GDPR Compliance

The 5-step method for GDPR Compliance and FAQs

5-step method for GDPR Compliance

1. Know what you hold

30: Records of processing
5: Principles
6: Lawfulness
7/8: Consent
9/10: Special categories

2. Understand relative risk

24: Controller responsibility
11/25/35/36: By design and default
26: Joint controller
27: Representative
28: Processor
29: Authorisation
31: Cooperate
32: Security

3. Allow subjects to exercise rights

12: Transparency
13: Privacy notice
14: Not originator
15: Right of access
16: Right to rectify
17: Right to forget
18: Right to forget
19: Flow changes
20: Portability
21: Right to object
22: Automated decisions

4. Create change

  • Create a fluid state
  • Reinforce expected behaviours
  • Communicate expected behaviours

5. Embed change

33/34: Breach reporting
35: DPIA
36: Consultation

Frequently Asked Questions

What is GDPR and why was the GDPR drafted??

The EU’s General Data Protection Regulation (GDPR) is an attempt to bring data protection legislation into line with new, previously unforeseen ways that data is now used.
Currently, the UK relies on the Data Protection Act 1998, but this will be superseded by the new legislation. It introduces tougher fines for non-compliance and breaches, and gives people more say over what companies can do with their data. It also makes data protection rules more or less identical throughout the EU.
The drivers behind the GDPR are twofold. Firstly, the EU wants to give people more control over how their personal data is used. The current legislation was enacted before the internet and cloud technology created new ways of exploiting data, and the GDPR seeks to address that. By strengthening data protection legislation and introducing tougher enforcement measures, the EU hopes to improve trust in the emerging digital economy.
Secondly, the EU wants to give businesses a simpler, clearer legal environment in which to operate, making data protection law identical throughout the single market (the EU estimates this will save businesses a collective €2.3 billion a year).

What is Flowz developed in??

Flowz is a web service-oriented application (SOA) hosted in Internet Information Services (IIS) utilising SQL Server database services and has been developed using ASP.NET MVC – a Microsoft web application framework which implements the model–view–controller (MVC) design pattern. The MVC model defines web applications with 3 logic layers:

  • Model (business layer)
  • View (display layer)
  • Controller (input control)

The Model layer is implemented as a set of services using Windows Communication Foundation services (WCF) to specify communications protocols, for example SOAP over HTTP, and security mechanisms etc. Individual services deployed on multiple virtual machines facilitates resilience, scalability and availability of the Flowz SOA solution.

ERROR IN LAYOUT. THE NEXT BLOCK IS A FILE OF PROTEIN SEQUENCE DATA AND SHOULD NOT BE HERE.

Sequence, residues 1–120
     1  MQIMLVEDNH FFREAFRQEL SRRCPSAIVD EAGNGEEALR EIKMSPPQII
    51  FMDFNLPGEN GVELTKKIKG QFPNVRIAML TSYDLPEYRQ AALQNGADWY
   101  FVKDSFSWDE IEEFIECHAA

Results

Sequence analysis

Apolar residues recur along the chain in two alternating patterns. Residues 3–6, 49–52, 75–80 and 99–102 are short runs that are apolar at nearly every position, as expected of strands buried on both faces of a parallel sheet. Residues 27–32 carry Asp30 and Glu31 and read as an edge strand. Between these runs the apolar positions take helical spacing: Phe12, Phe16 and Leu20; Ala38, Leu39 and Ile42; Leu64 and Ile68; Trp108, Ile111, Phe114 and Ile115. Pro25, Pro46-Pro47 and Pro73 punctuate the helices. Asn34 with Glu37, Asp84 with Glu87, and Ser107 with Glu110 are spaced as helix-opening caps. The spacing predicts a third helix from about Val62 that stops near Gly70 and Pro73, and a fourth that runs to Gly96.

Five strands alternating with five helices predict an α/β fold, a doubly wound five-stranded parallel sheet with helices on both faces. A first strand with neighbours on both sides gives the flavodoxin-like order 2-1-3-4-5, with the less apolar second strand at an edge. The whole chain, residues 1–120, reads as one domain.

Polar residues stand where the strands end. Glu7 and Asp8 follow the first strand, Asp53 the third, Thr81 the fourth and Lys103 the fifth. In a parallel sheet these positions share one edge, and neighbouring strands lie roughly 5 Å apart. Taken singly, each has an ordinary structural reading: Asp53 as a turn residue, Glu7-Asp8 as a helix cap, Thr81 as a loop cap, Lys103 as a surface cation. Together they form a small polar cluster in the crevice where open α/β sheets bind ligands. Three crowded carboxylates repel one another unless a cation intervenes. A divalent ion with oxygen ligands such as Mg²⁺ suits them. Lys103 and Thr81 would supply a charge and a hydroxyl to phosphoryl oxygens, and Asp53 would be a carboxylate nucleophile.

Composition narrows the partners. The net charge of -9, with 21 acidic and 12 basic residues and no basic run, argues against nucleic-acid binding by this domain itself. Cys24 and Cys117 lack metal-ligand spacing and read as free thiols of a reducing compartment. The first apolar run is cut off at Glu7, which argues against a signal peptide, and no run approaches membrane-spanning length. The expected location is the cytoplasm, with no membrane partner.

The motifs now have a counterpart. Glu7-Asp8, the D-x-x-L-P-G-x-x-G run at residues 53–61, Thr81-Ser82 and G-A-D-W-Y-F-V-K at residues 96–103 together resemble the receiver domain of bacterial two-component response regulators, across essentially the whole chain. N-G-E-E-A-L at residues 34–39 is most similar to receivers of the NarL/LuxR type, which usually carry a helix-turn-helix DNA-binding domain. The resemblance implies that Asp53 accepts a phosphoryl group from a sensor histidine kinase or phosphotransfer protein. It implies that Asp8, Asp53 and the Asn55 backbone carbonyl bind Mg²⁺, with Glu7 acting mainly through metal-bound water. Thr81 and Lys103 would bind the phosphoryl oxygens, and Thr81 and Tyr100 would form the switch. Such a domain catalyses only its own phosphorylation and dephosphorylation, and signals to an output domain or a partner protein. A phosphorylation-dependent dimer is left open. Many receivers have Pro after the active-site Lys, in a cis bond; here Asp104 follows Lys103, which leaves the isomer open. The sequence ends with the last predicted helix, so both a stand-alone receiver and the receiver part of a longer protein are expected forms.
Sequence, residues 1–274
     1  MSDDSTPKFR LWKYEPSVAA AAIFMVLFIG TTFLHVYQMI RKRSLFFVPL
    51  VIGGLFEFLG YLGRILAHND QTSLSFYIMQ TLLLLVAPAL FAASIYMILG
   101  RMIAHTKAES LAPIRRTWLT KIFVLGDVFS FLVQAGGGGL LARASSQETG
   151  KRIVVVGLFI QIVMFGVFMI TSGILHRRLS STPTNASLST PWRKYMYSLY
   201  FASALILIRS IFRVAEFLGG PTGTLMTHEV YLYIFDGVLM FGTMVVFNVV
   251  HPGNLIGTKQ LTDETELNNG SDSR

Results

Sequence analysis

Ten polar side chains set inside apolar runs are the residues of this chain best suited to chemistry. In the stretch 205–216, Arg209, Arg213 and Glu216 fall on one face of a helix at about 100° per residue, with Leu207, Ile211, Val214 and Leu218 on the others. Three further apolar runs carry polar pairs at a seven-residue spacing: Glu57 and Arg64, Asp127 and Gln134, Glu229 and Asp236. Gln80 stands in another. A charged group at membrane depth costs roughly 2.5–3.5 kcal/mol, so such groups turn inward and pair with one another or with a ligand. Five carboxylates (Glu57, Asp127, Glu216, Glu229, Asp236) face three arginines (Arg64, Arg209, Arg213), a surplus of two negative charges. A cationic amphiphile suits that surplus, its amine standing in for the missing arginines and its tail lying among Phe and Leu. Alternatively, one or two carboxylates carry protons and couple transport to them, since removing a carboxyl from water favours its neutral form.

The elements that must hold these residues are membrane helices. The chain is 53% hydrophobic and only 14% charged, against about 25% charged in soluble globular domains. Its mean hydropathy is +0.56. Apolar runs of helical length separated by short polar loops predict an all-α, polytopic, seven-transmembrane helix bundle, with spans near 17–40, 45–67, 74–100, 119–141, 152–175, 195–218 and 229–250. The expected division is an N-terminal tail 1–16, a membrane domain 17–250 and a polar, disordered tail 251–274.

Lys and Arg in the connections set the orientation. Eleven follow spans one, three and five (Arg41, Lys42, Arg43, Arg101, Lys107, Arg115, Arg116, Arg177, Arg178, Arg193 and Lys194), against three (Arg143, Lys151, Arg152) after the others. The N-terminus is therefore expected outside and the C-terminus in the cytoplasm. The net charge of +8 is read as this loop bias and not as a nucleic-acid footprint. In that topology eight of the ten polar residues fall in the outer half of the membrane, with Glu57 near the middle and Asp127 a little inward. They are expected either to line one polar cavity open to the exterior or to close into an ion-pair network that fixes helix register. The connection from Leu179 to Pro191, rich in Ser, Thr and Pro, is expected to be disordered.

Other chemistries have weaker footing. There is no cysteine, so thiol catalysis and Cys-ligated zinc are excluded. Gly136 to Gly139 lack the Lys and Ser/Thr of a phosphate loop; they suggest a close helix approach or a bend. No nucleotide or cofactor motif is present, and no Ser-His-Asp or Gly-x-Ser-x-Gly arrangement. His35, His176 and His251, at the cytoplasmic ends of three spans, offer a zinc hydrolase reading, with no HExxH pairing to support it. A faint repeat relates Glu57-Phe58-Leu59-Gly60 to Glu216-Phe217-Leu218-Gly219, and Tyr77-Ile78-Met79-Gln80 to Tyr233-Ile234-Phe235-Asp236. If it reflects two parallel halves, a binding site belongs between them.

Supported web browsers include Internet Explorer 11+, Edge, Firefox, and Chrome with more to follow.

Flowz offers full support for HTML5 and has been redesigned with improved usability, accessibility and responsiveness.

No plug-ins or Java components are required.

When will the GDPR apply?

The GDPR will apply in all EU member states from 25th May 2018. Because GDPR is a regulation, not a directive, the UK does not need to draw up new legislation – instead, it will apply automatically. While it came into force on 24 May 2016, after all parts of the EU agreed to the final text, businesses and organisations have until 25 May 2018 until the law actually applies to them.

Who does the GDPR apply to?

‘Controllers’ and ‘processors’ of data need to abide by the GDPR. A data controller states how and why personal data is processed, while a processor is the party doing the actual processing of the data. So the controller could be any organisation, from a profit-seeking company to a charity or government. A processor could be an IT firm doing the actual data processing.
Even if controllers and processors are based outside the EU, the GDPR will still apply to them so long as they’re dealing with data belonging to EU citizens.
It’s the controller’s responsibility to ensure their processor abides by data protection law and processors must themselves abide by rules to maintain records of their processing activities. If processors are involved in a data breach, they are far more liable under GDPR than they were under the Data Protection Act, with potential fines being far greater.

What Single Sign-On does Flowz Support??

Through the use of open industry standards and specifications such as SAML 2.0, Flowz can leverage customers’ existing Single Sign-on solutions to manage access to our application.

Support includes SAML 2.0-compliant Federated SSO solutions such as Microsoft Active Directory Federation Services (ADFS) and Shibboleth.

Why is Flowz so cheap??

We decided at the outset to be a high quality system at a low price, so we try to keep the entry cost of Flowz as low as we can for you.  We want to get as many people as possible using the system and be cheaper than all of our competitors.

Is Flowz a UK product??

Yes, all development is done by our UK-based Technical Team.  Our office is situated near Trafalgar Square in Central London and all Flowz customer data is stored securely in our Tier III UK Data Centre, located in Central London, with a failover Data Centre based in Kent.